Apostrophes: linguistics expert imagines a happier world without them
Alas, the Apostrophe Protection Society is no more. John Richards, who founded the Society in 2001 in order to help maintain the correct use of the “much abused” punctuation mark, has thrown in the towel, claiming that “the ignorance and laziness present in modern times have won”.
This is understandable. Mr Richards is 96, and undoubtedly has more interesting things to be doing than fretting over whether Waterstones will ever see the light and reinstate the apostrophe it so wilfully discarded back in 2012.
But where does this leave the rest of us? If there is no APS, who is actually in charge of apostrophes? How will we know how to use them? Without the APS’s (APS’? – see, it’s happening already) guidance, how can we know for sure when to be outraged at their misuse?
As a linguistics expert who researches and teaches the use of the English language and the way it changes over time, I am interested in how people view its different aspects. I actually like to think of the APS not only as a guardian of good apostrophe use, but also as a supplier of quality apostrophes. You can probably pick up cheaper apostrophes from supermarkets and online retailers, but the APS will give you the real deal.
A supermarket or online apostrophe might come packaged in a jumbled set of other punctuation marks with no guidance as to how to use them – whereas a genuine APS apostrophe will come with its own provenance and will be made to fit precisely the context for which it is needed.
Much like a traditional tailor or shoemaker, every item will be infused with craftsmanship and tradition, and a lifelong guarantee if used correctly.
So, no more APS, no more quality apostrophes. And no guidance as to how to use the ones we might already have – even the quality APS ones. It will be a shame to see genuine APS apostrophes being used willy-nilly in badly punctuated signs at the village fete pointing people towards the Tea’s and Coffee’s. But this is what we will be faced with.
Of course, without new quality apostrophes being provided, people might eventually simply stop using them altogether. Maybe they will keep hold of the few APS-certified examples they have left to use for things like wedding invitations and legal documents, and – rather than risk using sub-standard online-sourced punctuation – decide to go without them the rest of the time.
Eventually, those last remaining apostrophes will be used up, leaving us with nothing.
Imagine that. Imagine a world where proper apostrophes ceased to exist. What would happen? There would probably be a period during which people misguidedly tried to re-task commas to do the job of an apostrophe. But this is clearly unsustainable (it’s a gravity issue). We would soon be left apostrophe-less.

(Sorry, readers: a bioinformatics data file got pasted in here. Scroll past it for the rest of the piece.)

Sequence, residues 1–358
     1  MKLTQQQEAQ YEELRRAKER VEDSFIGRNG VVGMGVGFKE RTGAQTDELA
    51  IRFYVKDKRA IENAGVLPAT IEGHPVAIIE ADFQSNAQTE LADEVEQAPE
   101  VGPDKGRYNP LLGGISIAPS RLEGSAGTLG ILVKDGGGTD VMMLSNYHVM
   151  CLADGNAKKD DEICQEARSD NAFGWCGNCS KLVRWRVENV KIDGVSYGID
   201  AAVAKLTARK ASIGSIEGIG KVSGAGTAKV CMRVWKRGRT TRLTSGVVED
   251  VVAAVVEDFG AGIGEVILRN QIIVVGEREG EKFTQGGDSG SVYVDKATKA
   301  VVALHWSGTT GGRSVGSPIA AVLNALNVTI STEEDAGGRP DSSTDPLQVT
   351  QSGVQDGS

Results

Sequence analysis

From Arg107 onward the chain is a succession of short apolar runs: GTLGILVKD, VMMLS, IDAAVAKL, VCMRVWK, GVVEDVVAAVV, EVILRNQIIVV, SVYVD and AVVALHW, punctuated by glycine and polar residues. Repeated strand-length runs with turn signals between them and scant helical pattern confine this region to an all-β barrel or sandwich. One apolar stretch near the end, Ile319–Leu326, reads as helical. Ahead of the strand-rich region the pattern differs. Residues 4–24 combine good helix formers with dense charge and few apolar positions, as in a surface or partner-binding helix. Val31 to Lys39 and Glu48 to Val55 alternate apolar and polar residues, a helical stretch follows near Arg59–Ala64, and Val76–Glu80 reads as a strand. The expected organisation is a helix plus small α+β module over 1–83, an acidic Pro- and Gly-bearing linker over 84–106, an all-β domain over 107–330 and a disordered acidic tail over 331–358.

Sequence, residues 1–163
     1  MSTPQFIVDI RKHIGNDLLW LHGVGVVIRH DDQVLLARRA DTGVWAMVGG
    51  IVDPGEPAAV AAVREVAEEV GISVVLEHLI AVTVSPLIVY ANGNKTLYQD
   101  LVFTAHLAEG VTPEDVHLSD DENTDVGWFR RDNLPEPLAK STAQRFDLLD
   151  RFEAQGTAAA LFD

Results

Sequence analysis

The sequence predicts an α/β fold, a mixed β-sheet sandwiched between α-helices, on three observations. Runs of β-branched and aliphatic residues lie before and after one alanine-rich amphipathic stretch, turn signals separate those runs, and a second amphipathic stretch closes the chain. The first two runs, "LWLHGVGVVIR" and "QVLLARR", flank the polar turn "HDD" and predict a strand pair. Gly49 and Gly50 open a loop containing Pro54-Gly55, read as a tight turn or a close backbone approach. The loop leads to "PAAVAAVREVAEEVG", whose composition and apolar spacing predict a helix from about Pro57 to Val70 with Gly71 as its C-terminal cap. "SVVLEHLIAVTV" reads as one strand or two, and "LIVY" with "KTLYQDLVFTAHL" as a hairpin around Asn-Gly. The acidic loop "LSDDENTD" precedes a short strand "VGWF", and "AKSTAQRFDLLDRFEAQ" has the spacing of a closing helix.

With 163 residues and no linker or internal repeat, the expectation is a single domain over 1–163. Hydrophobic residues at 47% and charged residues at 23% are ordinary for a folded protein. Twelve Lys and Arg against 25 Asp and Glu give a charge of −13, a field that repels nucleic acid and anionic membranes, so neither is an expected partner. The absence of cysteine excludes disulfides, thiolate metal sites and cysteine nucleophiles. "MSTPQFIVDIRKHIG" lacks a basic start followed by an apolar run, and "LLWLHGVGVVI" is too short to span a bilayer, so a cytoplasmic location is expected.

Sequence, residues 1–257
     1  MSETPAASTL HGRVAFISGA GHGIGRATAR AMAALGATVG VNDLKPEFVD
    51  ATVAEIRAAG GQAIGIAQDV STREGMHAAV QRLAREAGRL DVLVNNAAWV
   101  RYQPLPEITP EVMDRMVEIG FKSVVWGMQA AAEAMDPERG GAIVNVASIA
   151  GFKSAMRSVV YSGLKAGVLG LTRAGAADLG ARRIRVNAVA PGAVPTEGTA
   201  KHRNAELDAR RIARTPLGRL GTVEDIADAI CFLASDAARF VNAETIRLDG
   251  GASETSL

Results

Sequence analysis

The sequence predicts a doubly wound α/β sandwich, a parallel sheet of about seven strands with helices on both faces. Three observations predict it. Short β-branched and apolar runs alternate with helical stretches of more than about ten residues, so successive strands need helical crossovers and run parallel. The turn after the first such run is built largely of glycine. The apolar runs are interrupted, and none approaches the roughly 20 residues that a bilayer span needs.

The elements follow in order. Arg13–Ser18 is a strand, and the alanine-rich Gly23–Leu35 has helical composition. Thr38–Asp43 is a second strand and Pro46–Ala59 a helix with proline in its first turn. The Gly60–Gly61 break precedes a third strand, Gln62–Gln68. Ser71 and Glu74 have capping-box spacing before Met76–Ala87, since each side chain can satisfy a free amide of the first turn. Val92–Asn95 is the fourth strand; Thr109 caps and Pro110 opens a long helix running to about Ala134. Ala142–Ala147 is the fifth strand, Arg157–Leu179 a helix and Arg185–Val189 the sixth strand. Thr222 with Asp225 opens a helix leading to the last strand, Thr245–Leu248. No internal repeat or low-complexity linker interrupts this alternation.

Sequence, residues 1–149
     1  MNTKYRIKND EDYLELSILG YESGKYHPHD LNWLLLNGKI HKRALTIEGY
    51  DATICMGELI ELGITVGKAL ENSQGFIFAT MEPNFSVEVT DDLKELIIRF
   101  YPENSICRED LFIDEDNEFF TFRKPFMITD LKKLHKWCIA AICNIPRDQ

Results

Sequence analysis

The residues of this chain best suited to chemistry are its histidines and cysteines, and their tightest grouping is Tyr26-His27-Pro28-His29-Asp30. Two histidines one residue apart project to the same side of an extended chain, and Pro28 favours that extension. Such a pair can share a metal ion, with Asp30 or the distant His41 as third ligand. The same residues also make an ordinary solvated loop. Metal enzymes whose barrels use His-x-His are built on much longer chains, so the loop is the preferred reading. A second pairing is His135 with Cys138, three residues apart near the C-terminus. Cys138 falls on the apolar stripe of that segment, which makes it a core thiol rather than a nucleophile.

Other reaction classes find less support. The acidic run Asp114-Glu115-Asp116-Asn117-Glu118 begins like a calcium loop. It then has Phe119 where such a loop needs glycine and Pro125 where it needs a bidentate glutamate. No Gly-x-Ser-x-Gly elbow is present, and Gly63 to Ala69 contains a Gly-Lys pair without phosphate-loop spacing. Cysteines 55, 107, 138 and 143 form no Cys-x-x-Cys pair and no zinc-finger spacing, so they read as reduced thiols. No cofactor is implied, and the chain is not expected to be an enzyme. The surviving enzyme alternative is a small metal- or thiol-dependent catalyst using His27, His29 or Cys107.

To be honest, one outcome of this state of affairs would be to remove a whole source of ammunition for pedants to use against the less-enlightened. The “teas and coffees” issue is immediately rectified – along with every other example of the so-called “greengrocer’s apostrophe” (apple’s, tomato’s and pear’s) that seems to get some people so worked up.
Hardcore apostrophites would no longer be able to roll their eyes at people’s inability to work out where the apostrophe goes in examples such as “The Joneses front door”, “Holding each others hand” or “Others opinions”. Neither would they be able to indulge in their habitual mocking of someone who has used the wrong form of “its”.
In fact, by removing apostrophes altogether, the pedantry arsenal is vastly reduced. Without their favourite punctuation mark of judgement, your average pedant will be forced to make do with old favourites such as split infinitives and insisting on the “correct” meaning of “decimate”.
Who’s rules anyway?
Put this way, the demise of the APS and its guardianship over the apostrophe can only be a good thing. Far from indicating a win for ignorance and laziness, this is a victory for common sense and freedom. In most cases (and certainly in almost all cases of possession), an apostrophe is not actually necessary for understanding. There are very few examples where the lack of an apostrophe genuinely creates confusion or ambiguity, despite what many would have you believe.
The most persuasive illustration of apostrophes not being necessary is the fact that we get along fine without them in spoken language. If something is ambiguous in speech, we rephrase so that it isn’t. We can easily do (and routinely already do) the same in writing. If we all took this view, we would be left with just a handful of genuinely useful apostrophes.
In reality, the Apostrophe Protection Society did not, of course, hold dominion over apostrophes or any other aspect of English. Nobody does. Linguistic conventions (for this is all they are) come and go, and are often based on idiosyncratic preferences from another era. A good grasp of apostrophe use says more about your ability to remember inconsistent patterns than it does about your intelligence.
It seems to me that apostrophes are used to judge others as much as they are used to clarify writing. Maybe the APS finally saw the light and realised this, and decided it wanted no further part in the snobbish pedantry that surrounds this fetishised punctuation mark. Or maybe John Richards will read this article, and, passion renewed, decide he must carry on the fight.
Rob Drummond, Reader in Linguistics, Manchester Metropolitan University
This article is republished from The Conversation under a Creative Commons license. Read the original article.